Foreclosure lists

Foreclosure List Update:

Most of the lists of foreclosure information are available for free from your county office where you’re searching.  There are many title insurance companies that can provide the information in an electronic format for their customers as well.  You will usually have to be a customer in order to get access through the title companies.

Update for agents and brokers:

Some of the asset management departments and asset management companies are no longer allowing their asset managers to assign listings.  Countrywide has had this policy for a long time already.  The reason behind it is the potential for an asset manager and a less-than-honest agent to be in cahoots for stripping a house of valuable items.  When the asset management company has a neutral employee assigning listings, it helps limit their risk.

For specific questions about foreclosures, foreclosures lists for your area, or industry news and trends, send a message to Jon Sterling at info@mangledmortgage.com

Foreclosure myths

There are many common myths about foreclosures.  Some of them come from late-night infomercials and some of them come from people who are interested in selling advertising space instead of providing facts.  The myths are outlined in my book, and here are some of the common myths:

Myth:

All foreclosures are a steal.

Truth:

Lenders and their investors have a good idea of what a property is worth.  Granted, some of them are interested in selling property at a steep discount so they can meet their liquidity needs, but the discount is often built into the list price you see by the time it hits the market.  You will often find better deals by looking in an area with lots of foreclosures, but not necessarily with a bank-owned property.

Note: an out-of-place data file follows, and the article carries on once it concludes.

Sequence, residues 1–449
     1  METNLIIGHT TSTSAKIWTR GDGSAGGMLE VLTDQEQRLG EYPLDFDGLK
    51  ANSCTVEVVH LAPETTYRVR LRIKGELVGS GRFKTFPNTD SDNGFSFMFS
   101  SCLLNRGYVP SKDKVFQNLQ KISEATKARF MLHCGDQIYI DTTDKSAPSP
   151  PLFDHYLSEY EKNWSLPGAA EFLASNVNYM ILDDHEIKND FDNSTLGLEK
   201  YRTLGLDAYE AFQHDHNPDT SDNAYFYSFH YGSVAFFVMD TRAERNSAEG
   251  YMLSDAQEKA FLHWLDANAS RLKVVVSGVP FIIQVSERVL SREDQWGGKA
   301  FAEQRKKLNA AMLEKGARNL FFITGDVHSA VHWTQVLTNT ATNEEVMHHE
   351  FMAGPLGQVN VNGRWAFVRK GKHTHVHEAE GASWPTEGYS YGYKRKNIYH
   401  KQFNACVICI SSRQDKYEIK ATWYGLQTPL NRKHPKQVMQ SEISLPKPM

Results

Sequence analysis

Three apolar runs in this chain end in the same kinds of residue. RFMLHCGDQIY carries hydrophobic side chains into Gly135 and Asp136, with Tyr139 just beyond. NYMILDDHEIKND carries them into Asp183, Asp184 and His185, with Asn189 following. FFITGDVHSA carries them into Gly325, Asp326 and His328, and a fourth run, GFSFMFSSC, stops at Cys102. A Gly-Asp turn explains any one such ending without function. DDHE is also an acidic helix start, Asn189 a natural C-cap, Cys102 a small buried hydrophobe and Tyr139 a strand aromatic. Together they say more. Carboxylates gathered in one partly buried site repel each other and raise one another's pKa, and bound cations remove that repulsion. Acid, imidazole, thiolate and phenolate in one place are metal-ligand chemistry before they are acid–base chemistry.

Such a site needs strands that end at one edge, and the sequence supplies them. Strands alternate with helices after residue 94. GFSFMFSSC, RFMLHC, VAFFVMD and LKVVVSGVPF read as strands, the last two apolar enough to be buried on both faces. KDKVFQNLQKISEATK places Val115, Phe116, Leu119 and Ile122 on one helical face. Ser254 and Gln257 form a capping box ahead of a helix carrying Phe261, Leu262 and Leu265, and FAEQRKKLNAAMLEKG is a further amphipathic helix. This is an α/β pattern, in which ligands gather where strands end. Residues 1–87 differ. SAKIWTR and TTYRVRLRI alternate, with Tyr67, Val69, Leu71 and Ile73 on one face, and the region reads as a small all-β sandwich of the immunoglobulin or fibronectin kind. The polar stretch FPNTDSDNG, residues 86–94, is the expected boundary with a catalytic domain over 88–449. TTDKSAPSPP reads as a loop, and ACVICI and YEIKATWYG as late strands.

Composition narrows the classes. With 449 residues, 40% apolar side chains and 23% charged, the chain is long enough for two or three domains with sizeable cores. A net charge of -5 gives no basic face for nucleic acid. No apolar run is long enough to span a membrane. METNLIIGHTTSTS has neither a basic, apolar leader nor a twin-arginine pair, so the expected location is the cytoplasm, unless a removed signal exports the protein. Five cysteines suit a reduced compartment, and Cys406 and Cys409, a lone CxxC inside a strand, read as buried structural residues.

Myth:

All foreclosures are damaged and need work.

Truth:

Not all foreclosures are damaged.  Many former owners cooperate with the lender when they realize they cannot keep their home and leave the place in good condition.  Lenders will usually try to negotiate “cash for keys” if the owner will leave the property in good condition.

Myth:

Making money investing in foreclosures is easy.

Truth:

It’s not as easy as it says on the TV commercial.  Yes, there are many people who have successfully made big money investing in foreclosures.  The question I always ask is, “If this person made so much money investing in foreclosures, why are they putting so much effort into selling an information product for three easy payments of $29.95?”

The best investors I know are spending their money on pre-foreclosures and short sales right now.  Check back periodically for updates on those investment strategies.   You can direct specific questions to info@mangledmortgage.com for a quick response.

The house strippers. Real estate’s latest nightmare.

No, not those kinds of strippers.

There are people in our area who are taking a bad housing situation and making it worse.  I call them the house strippers.

These guys and gals target homeowners who are losing their homes through the foreclosure process.  They approach the defaulting homeowners and make an offer:

“Before you get evicted, give us a call and we’ll get your keys from you.  We’ll pay you $1000 (sometimes much more…depends on the house) for the keys and you walk away.”

Once the homeowners leave the house, the strippers take everything of value out of the house.  I mean everything. Appliances, copper piping, light bulbs, doors, you name it.  Everything goes.

For whatever reason, the homeowners are often angry with the lender for evicting them when they stop making their mortgage payments.

This is especially nasty because it makes it harder for the lenders and their investors to recoup their money when they reclaim a house.  Many of these houses are going to have to be torn down.  Does it make financial sense to invest $150,000 bringing a house back to marketable condition, when the after-repair market value is $205,000?

For information on the other scams that are making the housing headaches worse, check out Jon Sterling‘s new book Mangled Mortgage.